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Don’t Give Up the Ghost: Ghost Pot Removal In the Coastal Bays - November 5, 2017

As this year’s blue crab season comes to a close, let’s take a moment to remember all those crab pots that we have lost this year. Whether claimed by a storm, accidentally severed by a recreational boater, or unintentionally left out, a frustratingly large amount of crab traps end up stuck at the bottom of the bay. A study by the Virginia Institute of Marine Science (VIMS) estimates that 12-20% of the 600,000 actively fished crab traps are lost each season, and around 145,000 currently sit at the bottom of the Chesapeake. At $25-$35 a trap, that adds up fast, and can really hurt a crabber’s bottom line.

Unfortunately, those deceased traps have unfinished business. Once the traps are trapped at the bay bottom, they come back seeking vengeance as “ghost pots”, derelict specters that hurt the environment and keep pulling money out of crabber’s pockets.

The problem is, crab pots don’t stop catching crabs after they are lost or their buoys have been cut. Crabs and other animals are attracted to the pots, either to dine on remaining bait, or to hide from predators. Once trapped inside, the imprisoned creatures die, rebaiting the trap for more unsuspecting animals. Each trap can last anywhere from 1-7 years, continually killing and rebaiting itself.

This process, called ghost fishing, affects every major fishery worldwide. In the Chesapeake Bay, these derelict pots capture and kill around 3.3 million blue crabs per year, amounting to nearly 5% of the bay’s commercial harvest. That’s an estimated $2.5 million worth of crabs pulled out of the wallets of Maryland and Virginia watermen. Indeed, these ghoulish traps are indiscriminate killers, capturing and killing over 3.5 million white perch and 3.6 million Atlantic croaker, as well as numerous other bycatch species like oyster toadfish, spot, and diamondback terrapin.

The terrapin, Maryland’s state reptile, is especially susceptible to ghost pots. Recent studies have attributed terrapin population declines directly to mortality in crab pots. Last year, one ghost pot pulled from the Assawoman Bay had twenty dead terrapins trapped inside. Recreational crab pots can pose an even greater threat to terrapins than commercial pots. Recreational pots are legally only allowed to be set from private docks. This keeps the pots in shallow water, where smaller terrapins spend a large portion of their time and increases the likelihood of becoming trapped in the pots.  To make matters worse, recreational pots in the Chesapeake and Coastal Bays are far less documented than commercial traps. This could mean that there are more ghost pots lurking in the bays than previously estimated.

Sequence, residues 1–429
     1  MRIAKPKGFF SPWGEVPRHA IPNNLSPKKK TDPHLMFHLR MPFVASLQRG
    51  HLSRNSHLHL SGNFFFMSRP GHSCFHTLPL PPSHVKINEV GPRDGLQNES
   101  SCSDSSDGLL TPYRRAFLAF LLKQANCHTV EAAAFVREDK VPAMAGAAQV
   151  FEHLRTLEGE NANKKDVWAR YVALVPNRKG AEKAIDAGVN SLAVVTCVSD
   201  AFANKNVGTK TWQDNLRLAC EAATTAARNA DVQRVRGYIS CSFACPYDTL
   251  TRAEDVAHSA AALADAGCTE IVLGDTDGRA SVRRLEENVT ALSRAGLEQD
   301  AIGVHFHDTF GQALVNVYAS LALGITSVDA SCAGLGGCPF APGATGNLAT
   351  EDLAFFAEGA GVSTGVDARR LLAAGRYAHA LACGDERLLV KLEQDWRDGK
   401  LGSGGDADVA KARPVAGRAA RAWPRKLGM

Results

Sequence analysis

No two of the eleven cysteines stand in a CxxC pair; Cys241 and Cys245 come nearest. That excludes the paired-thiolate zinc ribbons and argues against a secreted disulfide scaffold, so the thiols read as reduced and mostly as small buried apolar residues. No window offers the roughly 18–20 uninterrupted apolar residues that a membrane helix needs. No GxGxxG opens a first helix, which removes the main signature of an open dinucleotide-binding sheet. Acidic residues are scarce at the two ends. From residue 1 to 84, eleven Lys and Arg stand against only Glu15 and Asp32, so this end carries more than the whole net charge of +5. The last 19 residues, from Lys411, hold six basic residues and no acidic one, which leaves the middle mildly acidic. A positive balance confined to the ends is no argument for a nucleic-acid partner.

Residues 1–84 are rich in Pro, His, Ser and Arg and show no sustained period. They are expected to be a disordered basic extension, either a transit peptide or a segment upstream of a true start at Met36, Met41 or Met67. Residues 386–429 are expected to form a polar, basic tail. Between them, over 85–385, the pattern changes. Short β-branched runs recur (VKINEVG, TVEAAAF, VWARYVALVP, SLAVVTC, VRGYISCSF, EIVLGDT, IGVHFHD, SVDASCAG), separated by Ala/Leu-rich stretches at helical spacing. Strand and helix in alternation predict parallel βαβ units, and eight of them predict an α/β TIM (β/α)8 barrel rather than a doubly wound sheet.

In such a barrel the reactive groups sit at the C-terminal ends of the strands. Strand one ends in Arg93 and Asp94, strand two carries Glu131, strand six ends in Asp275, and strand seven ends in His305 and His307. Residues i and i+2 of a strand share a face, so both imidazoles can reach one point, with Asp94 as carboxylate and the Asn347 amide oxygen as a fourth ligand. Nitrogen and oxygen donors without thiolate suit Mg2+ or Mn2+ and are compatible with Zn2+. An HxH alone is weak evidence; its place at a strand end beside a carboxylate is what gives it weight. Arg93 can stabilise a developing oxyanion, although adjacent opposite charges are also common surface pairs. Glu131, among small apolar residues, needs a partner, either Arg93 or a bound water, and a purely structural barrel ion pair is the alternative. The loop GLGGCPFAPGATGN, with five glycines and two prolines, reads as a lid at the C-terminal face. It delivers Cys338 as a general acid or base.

To combat the economic and environmental damages that ghost pots impress on the Coastal Bays, the Maryland Coastal Bays Program has been partnering with local watermen to remove this deadly marine debris after traps have been pulled for the season. In the winter of 2013-14, watermen, volunteers, and local school groups pulled over 1,230 pounds of ghost pots and marine debris from the Coastal Bays. Last winter, 55 ghost pots were pulled from Manklin Creek and the surrounding area in a single day. Dead blue crabs and trapped fish were found in many of these pots.

If you are a local waterman who is interested in participating in the Maryland Coastal Bays Abandoned Crab Pot Removal Program or if you are interested in becoming a volunteer ghost pot buster, call Sandi Smith at 410-213-2297, ext. 106, or email sandis@mdcoastaalbays.org for more information. Watermen are compensated for boating time, gas, and expenses.

Everyone who boats on the bays can help reduce the number of ghost pots. Pay special attention to buoy lines during crab season, and make sure you don’t sever any floats with inattentive driving.

If you are a recreational crabber, make sure your traps are equipped with Bycatch Reduction Devices (BRD’s). BRD’s are rectangular inserts that attach to the funnel openings of a crab pot. These devices (legal dimensions 1 3/4 inches by 14 3/4 inches) prevent large terrapins and other large animals from entering the pot, while allowing legal-sized crabs to enter. BRD’s are the most effective option available for reducing terrapin bycatch, are legally required for recreational crabbers, and do not change the number of keeper crabs your trap will catch. Many retailers sell crab pots with the devices already installed, while others sell them separately. Maryland Coastal Bays Program has a limited supply of BRD’s available, free of charge, thanks to grant funding from the Community Foundation of the Eastern Shore. If you would like free BRD’s for your pots, contact Katherine Phillips at 410-213-2297, ext. 104, or email kphillips@mdcoastalbays.org.

If you are a commercial crabber, consider installing biodegradable cull panels on your traps. When the trap is regularly serviced, the panel acts just like a cull ring, letting small crabs escape but keeping the keepers. If the trap is left submerged in the water for a few months the panel begins to degrade, making a hole large enough for crabs and other organisms to escape, and stopping your lost pot from ghost fishing. 

Whether you make your living from the blue crab or you just like the taste, it’s important to remember that ghost pots won’t just disappear. They will continue to haunt the Chesapeake and Coastal Bays until we work together to clean them up.

Simons is a Seasonal Scientist with the Maryland Coastal Bays Program  



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